You'll get a lot of differing feedback on this, since we're all in wildly differing climates.
My own limited experience is that there will still be swarms after the 'normal' Spring swarm season. They'll need extra feeding and attention if no forage is available (I had to feed like crazy and donate some brood and eggs to build up a late June swarm...they didn't make it through winter). So, this year I've decided to work backward from the date at which the Fall flow in my area typically ends. In my case, I figure October 15 minus 70 days (about three brood cycles) to get a time in mid July for removing traps. This assumes everything goes well (ha!), and also assumes that I'll be feeding syrup and patties to any swarm caught after the Spring flow is over (now) and up to and maybe beyond the Fall flow. The backup plan is a combine with another hive, to avoid weakening stronger colonies in favor of another that might not overwinter.
I guess that I'm saying my approach is to think about available resources and feasibility. My thinking is likely flawed in some way. I'll probably leave my traps up until early August. The closer to that date I get, the more likely it is that I'll just do a combine if something comes my way.
Freshen the LGO weekly - I just tap the bottle a few times on the entrance hole- and leave it there if you have scouts. Build more traps out of scrap wood if you have other likely spots. You dont need a hive body for a trap.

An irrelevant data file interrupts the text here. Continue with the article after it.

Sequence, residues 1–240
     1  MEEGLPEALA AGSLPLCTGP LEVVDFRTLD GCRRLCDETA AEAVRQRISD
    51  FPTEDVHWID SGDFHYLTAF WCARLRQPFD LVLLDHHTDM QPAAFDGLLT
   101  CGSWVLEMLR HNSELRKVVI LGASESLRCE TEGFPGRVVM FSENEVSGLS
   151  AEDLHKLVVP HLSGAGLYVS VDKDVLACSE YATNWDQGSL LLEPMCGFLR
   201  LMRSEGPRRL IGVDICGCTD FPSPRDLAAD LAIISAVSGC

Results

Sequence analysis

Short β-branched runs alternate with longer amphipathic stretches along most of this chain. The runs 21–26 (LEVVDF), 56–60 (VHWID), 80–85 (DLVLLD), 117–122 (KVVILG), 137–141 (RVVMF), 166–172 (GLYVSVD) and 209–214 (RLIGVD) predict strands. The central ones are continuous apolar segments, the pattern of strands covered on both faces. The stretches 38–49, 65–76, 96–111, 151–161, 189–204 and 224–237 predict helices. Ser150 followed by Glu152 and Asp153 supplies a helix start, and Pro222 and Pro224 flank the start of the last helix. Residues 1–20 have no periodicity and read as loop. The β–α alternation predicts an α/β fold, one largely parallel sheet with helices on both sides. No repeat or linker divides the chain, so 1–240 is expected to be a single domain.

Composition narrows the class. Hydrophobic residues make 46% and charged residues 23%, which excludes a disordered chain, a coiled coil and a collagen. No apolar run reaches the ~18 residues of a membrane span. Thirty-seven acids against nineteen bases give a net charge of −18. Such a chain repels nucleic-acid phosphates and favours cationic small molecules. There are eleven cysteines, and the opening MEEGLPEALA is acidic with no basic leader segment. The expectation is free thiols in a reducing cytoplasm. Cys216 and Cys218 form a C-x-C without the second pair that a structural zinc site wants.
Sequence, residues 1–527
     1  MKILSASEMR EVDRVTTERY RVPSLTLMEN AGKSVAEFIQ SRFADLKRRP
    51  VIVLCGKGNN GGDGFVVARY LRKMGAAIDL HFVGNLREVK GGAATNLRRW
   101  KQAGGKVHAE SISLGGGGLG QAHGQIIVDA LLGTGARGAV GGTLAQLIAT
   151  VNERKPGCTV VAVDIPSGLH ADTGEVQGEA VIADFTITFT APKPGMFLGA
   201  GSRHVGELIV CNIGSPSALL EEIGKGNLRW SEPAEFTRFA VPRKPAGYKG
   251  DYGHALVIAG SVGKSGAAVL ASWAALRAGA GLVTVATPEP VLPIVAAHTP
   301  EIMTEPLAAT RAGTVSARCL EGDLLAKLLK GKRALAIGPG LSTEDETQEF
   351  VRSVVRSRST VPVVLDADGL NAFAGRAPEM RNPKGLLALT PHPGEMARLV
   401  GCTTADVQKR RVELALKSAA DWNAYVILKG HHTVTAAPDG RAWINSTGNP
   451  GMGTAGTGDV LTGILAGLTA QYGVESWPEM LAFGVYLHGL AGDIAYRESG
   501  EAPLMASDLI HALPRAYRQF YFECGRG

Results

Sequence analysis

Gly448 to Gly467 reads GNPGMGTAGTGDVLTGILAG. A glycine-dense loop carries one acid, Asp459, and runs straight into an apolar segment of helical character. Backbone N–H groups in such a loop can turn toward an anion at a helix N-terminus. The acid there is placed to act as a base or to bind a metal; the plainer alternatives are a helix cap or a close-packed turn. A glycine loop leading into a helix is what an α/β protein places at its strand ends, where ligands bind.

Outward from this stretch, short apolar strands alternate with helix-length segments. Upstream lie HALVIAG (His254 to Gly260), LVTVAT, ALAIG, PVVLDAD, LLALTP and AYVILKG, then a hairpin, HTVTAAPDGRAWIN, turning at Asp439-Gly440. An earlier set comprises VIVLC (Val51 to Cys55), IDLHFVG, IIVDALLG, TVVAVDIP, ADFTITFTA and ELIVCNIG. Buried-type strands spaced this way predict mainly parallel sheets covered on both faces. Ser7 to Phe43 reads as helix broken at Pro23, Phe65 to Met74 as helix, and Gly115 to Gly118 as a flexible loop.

I use top bars in mine because I run top bar hives. Makes Transfers super easy! Just move the bars to a hive, sweep the remaining bees into the hive, close the hive and put new bars in the trap. All done at night on the tailgate of my pickup. I do it at night to get all the bees and not lose any foragers. But you can do the same thing with frames.
All my traps are about 6 feet high on tree trunks. I have caught 6 swarms this year, and 15 last year. The traps work fine lower to the ground, and they are MUCH easier to remove at night when occupied, and to keep freshly baited.
Given you're in Bastrop there will be blooming vegetation well into the fall and some all winter long. I keep my traps up through the end of September.
I never take my traps up. Leave them out year around. All mine are on plastic tubs about 2 1/2 feet high. If a late swarm goes in, and I don't find it, the bees have as good a chance of making it there as somewhere else. And, after all they choose where they want to stay.
I have caught swarms as late as 6 October, and by giving the a few frames of honey, they make it through the Winter.
Only problem with combining is, you add bees to colonies that are already weak and short on stores. The swarm likely has a better chance of making it than a weak colony that has been weakened by varroa, failing queen, poison, etc.
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